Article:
"I hope it stays out," Torre said with a smile, presumably speaking figuratively as well as literally.
Only minutes earlier, the ballpark was shrouded in fog, similar to the past 19 seasons for one of baseball's most storied franchises. Los Angeles has one playoff victory since winning the 1988 World Series, but its new manager will try to change that.
"The expectations are high here," said Torre, who rejected a one-year offer to stay with the New York Yankees last month. "I think we're going to make everybody proud of the product we put on the field."
Flanked by Hall of Fame manager Tommy Lasorda and broadcasting great Vin Scully, Torre received a lavish welcome to the Dodgers' family and immediately paid tribute to their winning tradition.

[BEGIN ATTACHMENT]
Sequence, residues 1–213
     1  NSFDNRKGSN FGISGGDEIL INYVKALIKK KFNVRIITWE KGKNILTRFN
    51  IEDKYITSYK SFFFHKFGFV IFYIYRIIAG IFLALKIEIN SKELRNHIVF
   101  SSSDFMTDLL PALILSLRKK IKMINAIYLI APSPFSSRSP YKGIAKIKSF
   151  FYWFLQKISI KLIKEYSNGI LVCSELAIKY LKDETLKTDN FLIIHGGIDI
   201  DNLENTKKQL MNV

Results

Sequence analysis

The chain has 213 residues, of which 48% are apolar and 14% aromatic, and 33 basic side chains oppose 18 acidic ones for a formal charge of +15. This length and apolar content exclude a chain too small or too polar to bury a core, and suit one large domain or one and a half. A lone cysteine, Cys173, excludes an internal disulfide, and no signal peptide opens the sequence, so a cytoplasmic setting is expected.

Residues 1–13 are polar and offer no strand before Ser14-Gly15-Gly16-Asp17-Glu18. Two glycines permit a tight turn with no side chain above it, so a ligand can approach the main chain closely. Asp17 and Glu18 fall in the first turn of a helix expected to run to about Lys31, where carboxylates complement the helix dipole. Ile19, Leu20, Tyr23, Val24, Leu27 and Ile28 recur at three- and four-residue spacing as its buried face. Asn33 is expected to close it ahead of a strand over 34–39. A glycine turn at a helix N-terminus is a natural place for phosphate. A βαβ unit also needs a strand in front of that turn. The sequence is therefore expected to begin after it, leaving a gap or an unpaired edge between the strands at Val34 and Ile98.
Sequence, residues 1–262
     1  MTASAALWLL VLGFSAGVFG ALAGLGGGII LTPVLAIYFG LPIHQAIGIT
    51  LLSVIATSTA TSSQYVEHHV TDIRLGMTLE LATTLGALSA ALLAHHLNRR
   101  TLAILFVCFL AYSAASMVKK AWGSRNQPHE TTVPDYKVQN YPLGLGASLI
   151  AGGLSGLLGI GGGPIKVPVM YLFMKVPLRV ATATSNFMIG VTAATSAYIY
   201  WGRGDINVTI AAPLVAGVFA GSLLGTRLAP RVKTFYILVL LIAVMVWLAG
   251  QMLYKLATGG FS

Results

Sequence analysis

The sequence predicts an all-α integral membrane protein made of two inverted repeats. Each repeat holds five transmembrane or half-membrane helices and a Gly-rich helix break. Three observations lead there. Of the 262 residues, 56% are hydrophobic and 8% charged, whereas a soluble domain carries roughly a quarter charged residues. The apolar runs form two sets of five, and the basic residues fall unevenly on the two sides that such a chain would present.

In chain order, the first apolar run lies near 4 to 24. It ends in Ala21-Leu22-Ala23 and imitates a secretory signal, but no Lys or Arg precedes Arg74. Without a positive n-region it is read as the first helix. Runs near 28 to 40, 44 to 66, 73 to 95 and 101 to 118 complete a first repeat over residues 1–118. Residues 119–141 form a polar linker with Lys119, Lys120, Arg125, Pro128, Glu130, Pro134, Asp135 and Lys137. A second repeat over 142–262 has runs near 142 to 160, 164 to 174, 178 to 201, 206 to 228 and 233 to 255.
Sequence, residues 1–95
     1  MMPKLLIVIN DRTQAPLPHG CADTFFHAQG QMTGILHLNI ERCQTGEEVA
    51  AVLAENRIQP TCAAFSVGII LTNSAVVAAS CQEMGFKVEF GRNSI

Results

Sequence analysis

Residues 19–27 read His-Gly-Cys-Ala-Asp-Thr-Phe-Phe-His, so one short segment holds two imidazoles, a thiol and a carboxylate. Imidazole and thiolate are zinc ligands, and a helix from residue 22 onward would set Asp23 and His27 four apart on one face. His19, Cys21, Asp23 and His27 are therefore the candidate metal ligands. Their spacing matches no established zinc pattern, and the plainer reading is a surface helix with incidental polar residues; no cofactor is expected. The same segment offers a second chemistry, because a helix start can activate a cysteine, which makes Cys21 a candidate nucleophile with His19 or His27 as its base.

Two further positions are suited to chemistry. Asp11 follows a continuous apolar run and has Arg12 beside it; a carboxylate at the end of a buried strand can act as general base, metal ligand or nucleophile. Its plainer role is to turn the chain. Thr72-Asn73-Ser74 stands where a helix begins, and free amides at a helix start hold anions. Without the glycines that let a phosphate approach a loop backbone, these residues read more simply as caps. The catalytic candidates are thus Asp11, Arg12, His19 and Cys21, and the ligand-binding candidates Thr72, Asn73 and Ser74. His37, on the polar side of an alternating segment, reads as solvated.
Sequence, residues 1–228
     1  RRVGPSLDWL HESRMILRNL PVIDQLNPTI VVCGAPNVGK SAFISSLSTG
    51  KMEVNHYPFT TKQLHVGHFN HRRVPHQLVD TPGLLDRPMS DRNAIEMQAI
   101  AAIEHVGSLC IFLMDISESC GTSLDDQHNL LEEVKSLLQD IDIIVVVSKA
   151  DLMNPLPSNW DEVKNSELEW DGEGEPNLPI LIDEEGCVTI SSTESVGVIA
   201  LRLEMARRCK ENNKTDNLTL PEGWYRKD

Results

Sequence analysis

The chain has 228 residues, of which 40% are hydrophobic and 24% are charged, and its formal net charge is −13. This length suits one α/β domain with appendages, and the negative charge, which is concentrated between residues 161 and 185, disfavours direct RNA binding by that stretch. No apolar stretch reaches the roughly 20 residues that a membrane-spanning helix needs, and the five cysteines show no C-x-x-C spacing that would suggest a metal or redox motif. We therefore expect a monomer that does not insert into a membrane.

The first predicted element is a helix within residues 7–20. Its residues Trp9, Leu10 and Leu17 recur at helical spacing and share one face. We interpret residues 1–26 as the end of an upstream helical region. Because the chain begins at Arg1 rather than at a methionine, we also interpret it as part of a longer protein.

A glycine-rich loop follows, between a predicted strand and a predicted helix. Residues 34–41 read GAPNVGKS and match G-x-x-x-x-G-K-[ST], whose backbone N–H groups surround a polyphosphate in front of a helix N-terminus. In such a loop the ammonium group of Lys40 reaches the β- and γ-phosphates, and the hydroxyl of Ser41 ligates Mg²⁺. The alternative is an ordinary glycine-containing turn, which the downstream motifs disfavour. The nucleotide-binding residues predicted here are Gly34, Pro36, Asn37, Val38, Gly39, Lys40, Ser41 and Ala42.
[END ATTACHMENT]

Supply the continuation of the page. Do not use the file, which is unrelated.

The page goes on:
"I didn't sleep all night," he said. "It's just a great feeling to be here. This is one of a handful of organizations you automatically say yes to."
The 67-year-old won big in New York, guiding the Yankees to four World Series championships, six AL pennants and playoff appearances in all 12 years as their manager. He becomes the second person to manage the Yankees and Dodgers, joining Casey Stengel.
Torre grew up in Brooklyn when it was home to the Dodgers. But he rooted for the rival New York Giants, a fact he apologized for right away Monday.
"You look at this uniform, I remember when it was Brooklyn," Torre said while looking down at his No. 6, the same number he wore in New York. "These things are very vivid to me. Carl Furillo wore No. 6. There was a certain pride factor that I associated with this organization."
Torre said Don Mattingly and Larry Bowa will accompany him from New York as two members of his coaching staff in Los Angeles. Mattingly lost out to Joe Girardi for the Yankees' managerial job.